Adokiye in a promo shoot. Photo: daXclusive/adokiye.com
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Nigerian popstar Adokiye offers Boko Haram her virginity for kidnapped schoolgirls' release

A rising star in Nigeria, frustrated at the fading news coverage of Boko Haram's abduction of more than 200 schoolgirls, has offered up her virginity.

Nigerian popstar and architect Adokiye startled fans this week when, according to Vanguard, she claimed to be willing to exchange her own virginity for the release of over 200 schoolgirls abducted by Boko Haram. The same group is also suspected of carrying out a further spate of abductions of at least 60 more women this week, two months after the first kidnapping brought international condemnation for the extremist group.

"I am older and more experienced," she told the paper. "Even if ten to 12 men have to take me every night, I don’t care. Just release these girls and let them go back to their parents.”

While many have taken to Twitter to praise her bravery, or implore her to withdraw the self-sacrificial offer, others have criticised it as an attention-seeking media stunt - and, inevitably, some have used the opportunity to question the truth of whether she was really still a virgin:

Adokiye may well be a rising celebrity in Nigeria, but she is also a UN ambassador for peace with her own charity - called #ADOCHANGE - which works with international NGOs on health and education projects. Speaking to the NS via email, Adokiye said: “[It is] for the less privileged children, the motherless babies. Kids who can't speak for themselves. Its mission is to stand for them and to make them live right.”

However, her claim that she would swap her virginity for the safety of the schoolgirls kidnapped by Boko Haram appeared both drastic and insincere for a good reason - in March, she made the same offer to anyone who would buy her mother a private jet. When asked about this, she claims it was a "joke", that she "only used it as a figure of speech to show how much I loved my mum and would give up anything for her".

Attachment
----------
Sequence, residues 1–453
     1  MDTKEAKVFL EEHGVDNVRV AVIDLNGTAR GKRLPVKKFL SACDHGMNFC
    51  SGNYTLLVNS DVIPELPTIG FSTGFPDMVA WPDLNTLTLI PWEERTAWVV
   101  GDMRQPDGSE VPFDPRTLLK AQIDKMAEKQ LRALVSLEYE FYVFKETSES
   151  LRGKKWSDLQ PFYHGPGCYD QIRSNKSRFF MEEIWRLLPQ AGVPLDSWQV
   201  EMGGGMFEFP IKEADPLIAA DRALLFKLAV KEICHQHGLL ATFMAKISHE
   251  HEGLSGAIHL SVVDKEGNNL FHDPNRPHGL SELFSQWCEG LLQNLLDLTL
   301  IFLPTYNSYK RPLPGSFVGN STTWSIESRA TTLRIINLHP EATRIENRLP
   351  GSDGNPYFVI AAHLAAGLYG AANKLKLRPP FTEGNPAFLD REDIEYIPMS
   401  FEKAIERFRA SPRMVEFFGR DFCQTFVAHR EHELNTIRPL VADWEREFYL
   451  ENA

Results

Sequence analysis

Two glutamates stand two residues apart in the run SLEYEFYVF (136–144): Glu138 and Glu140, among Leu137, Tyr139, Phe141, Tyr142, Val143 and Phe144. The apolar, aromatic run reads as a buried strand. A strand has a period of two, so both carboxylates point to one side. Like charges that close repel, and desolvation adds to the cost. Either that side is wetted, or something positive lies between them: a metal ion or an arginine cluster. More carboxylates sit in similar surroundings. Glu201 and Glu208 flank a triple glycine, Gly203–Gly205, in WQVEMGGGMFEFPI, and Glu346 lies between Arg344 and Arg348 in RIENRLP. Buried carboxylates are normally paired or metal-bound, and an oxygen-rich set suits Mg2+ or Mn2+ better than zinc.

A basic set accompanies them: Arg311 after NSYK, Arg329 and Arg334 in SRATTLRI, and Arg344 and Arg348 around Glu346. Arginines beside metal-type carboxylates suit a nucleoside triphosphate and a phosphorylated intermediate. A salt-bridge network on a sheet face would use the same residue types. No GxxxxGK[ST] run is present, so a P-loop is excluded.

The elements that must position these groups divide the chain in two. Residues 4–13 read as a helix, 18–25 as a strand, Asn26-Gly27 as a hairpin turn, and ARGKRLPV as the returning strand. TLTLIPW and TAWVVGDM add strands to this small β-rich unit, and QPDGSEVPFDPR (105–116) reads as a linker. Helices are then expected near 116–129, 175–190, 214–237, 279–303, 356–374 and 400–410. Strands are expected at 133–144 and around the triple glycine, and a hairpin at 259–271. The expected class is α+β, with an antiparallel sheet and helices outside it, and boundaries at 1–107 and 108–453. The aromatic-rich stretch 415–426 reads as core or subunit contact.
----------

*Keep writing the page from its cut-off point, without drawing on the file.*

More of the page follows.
"My offer to Boko Haram isn’t a joke,” she writes, and she confirmed that she stands by her words:

With the help of my government, I will go to the forest and plead for the release of those girls. If Boko Haram were to contact me that would be scary and great but they should only do so if they are ready to release the kidnapped girls and take up my offer.”

Whether act of extreme empathy or publicity stunt, it highlights the sensitive issues that cloud the social status of female virginity. When asked if she thought her offer confirmed virginity as an exchangeable commodity, Adokiye responded:

As long as I am not offering it up for financial gains then it’s no problem. The virginity would have to go sometime, so if I can use it to save those kidnapped girls that would be great.”